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I'm looking for different ways to keep track of both active and archived data so I can pro and con them.

The system:
I have a computer with a database on it. The database has several tables in it; one of which contains a list of users that can use the computer; and several tables for auditing (user 1 did this, user 2 did that, etc). This database is a slave of a master database in which a Content Management System is used to say, add a new user and see reports on what user did what.

As stated above, I have a table (lets call it users) that keeps track of all the users that are allowed to use the computer. As time goes by users will be added and removed. The problem is the audit tables keep track of a user ID so if the user is removed I lose the user information because the rows can't be joined. One idea I had was to use MySql's triggers so that if a user is added, an insert trigger is triggered and inserts a copy of the data to an 'archived' user table (lets call it users_archive). That way the computer can use users to determine if the user has permission to use it and reports can use users_archive for reports.

This seems like the easiest and most simple way to do it, but I can't find any other ways via google search to see if there are any other ways to do something like this.

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migrated from Apr 4 '13 at 1:33

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don't use triggers. they are a headache. maybe run a cronjob once a week or once a day if you want. – nathan hayfield Apr 3 '13 at 21:37
That's why I'm asking for other ways to do something like this. I couldn't think of any other way but that doesn't mean there isn't an easier or better way to do it. – MendAndDefend Apr 4 '13 at 15:29

The two options that spring to mind avoiding triggers are:

  • Flag the deleted rows as such with an extra field, and update all your existing code to deal with it. This is "simple" but will touch a lot of your code so can be a bug source. Delete is not delete, mearly "set is_achived flag".
  • Flag the deleted rows in the table, and have views for active and archived data. This avoids changing existing code as you can give the combined table a new name (users_all) and the view of active users (SELECT <fields> FROM users_all WHERE is_archived=0) the name of the old table. Code such as audit reports simple need to query users_all directly. You will need to run a few tests to make sure mysql's query planner handles this efficiently though - I've had it work well is MSSQL but don't use mysql myself so have no expectations one way or the other about it's QP's intelligence.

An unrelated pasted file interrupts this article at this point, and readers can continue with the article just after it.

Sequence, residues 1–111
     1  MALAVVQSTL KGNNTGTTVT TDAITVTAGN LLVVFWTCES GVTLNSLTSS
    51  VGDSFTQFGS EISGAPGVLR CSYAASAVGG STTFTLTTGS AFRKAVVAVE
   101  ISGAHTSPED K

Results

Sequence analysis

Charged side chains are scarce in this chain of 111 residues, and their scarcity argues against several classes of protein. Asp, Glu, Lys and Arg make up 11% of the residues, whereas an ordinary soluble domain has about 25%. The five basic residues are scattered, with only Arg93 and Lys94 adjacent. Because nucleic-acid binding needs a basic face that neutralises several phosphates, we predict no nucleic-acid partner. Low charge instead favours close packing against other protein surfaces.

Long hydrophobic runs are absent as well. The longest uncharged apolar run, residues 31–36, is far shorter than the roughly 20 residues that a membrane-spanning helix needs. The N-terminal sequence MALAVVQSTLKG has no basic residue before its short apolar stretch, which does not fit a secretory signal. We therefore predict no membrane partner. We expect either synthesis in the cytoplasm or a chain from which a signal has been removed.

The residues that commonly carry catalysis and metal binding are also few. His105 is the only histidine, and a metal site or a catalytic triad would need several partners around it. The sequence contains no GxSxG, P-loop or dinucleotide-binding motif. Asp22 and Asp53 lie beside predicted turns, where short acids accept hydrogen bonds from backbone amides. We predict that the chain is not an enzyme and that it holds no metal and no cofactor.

• Separate tables for active and archived. The delete operation then becomes an insert into archived and a delete from active (be sure to wrap this in an explicit transaction so if there is an error half way through you don't lose records completely or end up duplicating them). For code that needs to see both subsets, either UNION directly in the views/procs or have a view that is a UNION of the two tables and use that. This is likely to be less efficient than the above for those code paths that do need to deal with both subsets, but will not affect other areas of the codebase so may be preferable. One key disadvantage with this option is not being able to use the two tables in FK relationships - you can get around this by adding a third table containing just the identifiers for each row, then all tables that contain links to users (including the active users and archived users tables) would use that as the FK source - the only extra work in your business logic as a result would be to create that row before creating the row in the users table.

Triggers can be very powerful, but you need to design them very carefully as they can be a performance problem if not, and of course silent things happening can be a problem when bugs to arise as it can be difficult to see everything that is going on at first glance. they can greatly simplify some processes though, creating easier to maintain structures as a result, and sometimes having a bit of structural logic in the DB is far more efficient than having the next layer up deal with it, so never discount them out of hand. In this instance though, I'd stick with one of the simple boolean flag options.

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Instead of deleting records from Users, why not simply mark the record as deleted with a boolean field. Then you can show only active users most of the time, while still joining on "deleted" users.

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I had thought of that. The problem with going that way is that we have code that takes the database table's information and creates a web form on the CMS so that users can add/remove/change information in the database and this code is used for every table. So if someone wants to delete an uploaded picture, the form will display the picture along with 3 general buttons, reset, submit and delete. Since this was the first case we came across, delete does just that, it deletes the picture and the database entry. This same code is ran for users so I can't change how the delete works. – MendAndDefend Apr 4 '13 at 15:21

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